Even a few nights of poor sleep in healthy individuals results in a transient state of pre-diabetes. That is the eye-opening conclusion of a study that underscores how vital sleep is for metabolic function.
For this study, researchers subjected 19 healthy, young men to four consecutive nights of sleep deprivation (just 4.3 hours of sleep) in a controlled laboratory setting. In addition to carefully controlling what they ate and how much they slept, the researchers followed blood levels of several important metabolic markers. After just three nights of poor sleep, there were “marked changes” in several important metabolic compounds including a significant increase in insulin resistance.With insulin resistance, insulin’s ability to facilitate the absorption of glucose from the bloodstream becomes impaired and sluggish-a hallmark feature of pre-diabetes and often “the final common gateway” to obesity. The researchers noted that although the reduction in insulin action was transient (it only lasted about five hours) it was on par with what is observed in pre-diabetes!
This study is in keeping with the large population studies that consistently show that those who get inadequate sleep are more likely to gain weight and more likely to develop type 2 diabetes. I am personally convinced by the science I have read that sleep is essential for weight control and metabolic health.
Here’s what I suggest:
-Strive to get at least seven hours of restful sleep a night. Some people do even better with eight.
-Make the room you sleep in as dark, cool, and quiet as possible. Also keep it free of any electronics that can emit light or noise like a TV, tablet, phone, or computer.
-Avoid vigorous exercise or eating within two hours before bed, as these can stimulate you and prevent restful sleep.
-Try a soothing chamomile tea, meditating, or another relaxing practice that works for you to get your head and body ready for bed. Sex has been shown to encourage more restful sleep.
-Strive to maintain the same sleep and awaken times day to day. According to the sleep experts, this practice is likely the most beneficial of all strategies to improve the quality of your sleep.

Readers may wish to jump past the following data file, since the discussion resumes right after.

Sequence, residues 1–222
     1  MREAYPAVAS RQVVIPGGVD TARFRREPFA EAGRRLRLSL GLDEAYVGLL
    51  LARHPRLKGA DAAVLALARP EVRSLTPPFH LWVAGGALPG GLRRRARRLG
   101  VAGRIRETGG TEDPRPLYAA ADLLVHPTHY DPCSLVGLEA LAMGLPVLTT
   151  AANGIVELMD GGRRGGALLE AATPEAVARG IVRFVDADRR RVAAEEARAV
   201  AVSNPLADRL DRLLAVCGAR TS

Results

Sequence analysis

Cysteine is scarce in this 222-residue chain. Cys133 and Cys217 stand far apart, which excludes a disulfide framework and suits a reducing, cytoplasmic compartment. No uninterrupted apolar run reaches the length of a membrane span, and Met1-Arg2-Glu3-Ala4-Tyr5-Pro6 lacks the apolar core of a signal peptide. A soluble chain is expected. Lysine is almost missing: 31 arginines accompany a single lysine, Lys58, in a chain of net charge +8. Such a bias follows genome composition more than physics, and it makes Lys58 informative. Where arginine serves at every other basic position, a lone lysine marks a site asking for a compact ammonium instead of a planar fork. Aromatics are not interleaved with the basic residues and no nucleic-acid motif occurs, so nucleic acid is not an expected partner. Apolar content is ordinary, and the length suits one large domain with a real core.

-Avoid close exposure to the backlighting from a computer, tablet, or smart-phone in the hour or two before bed. One recent study noted a significant decrease in the release of the sleep-inducing hormone melatonin after exposure to this artificial light.
-Get regular daily exercise. I am convinced that restful sleep is virtually impossible without a certain threshold level of daily physical activity (at least 30 minutes of moderate aerobic activity like brisk walking).
-Minimize the use of prescription sleep aids. They do not allow for restful, “normal” sleep and can predispose one to dependence.
-Spend some time outdoors each day to get exposed to natural light. This is helpful in maintaining normal diurnal rhythms, which are fundamental to health and restful sleep. Morning light (before 10 AM) appears to be particularly beneficial in this regard and has less skin-damaging UV rays.
-Consider consuming a serving any of the following foods closer to your bedtime: kiwi, walnuts, almonds, peanut butter, or tart cherry juice. There is some evidence that these foods may enhance sleep.
-Cut back on your dietary sodium. This decreases nocturnal urination that interferes with restful sleep.
-Minimize use of alcohol. It is well established that alcohol interferes with quality sleep, particularly REM sleep. Ideally, limit alcohol to one or less drinks a night, and avoid any alcohol within three hours of going to bed
-Avoid use of products (ideally after 2PM) containing caffeine or other stimulants, for example, coffees, teas, sodas, energy drinks, etc.
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(Diabetologia, February 2015 DOI: 10.1007/s00125-015-3500-4)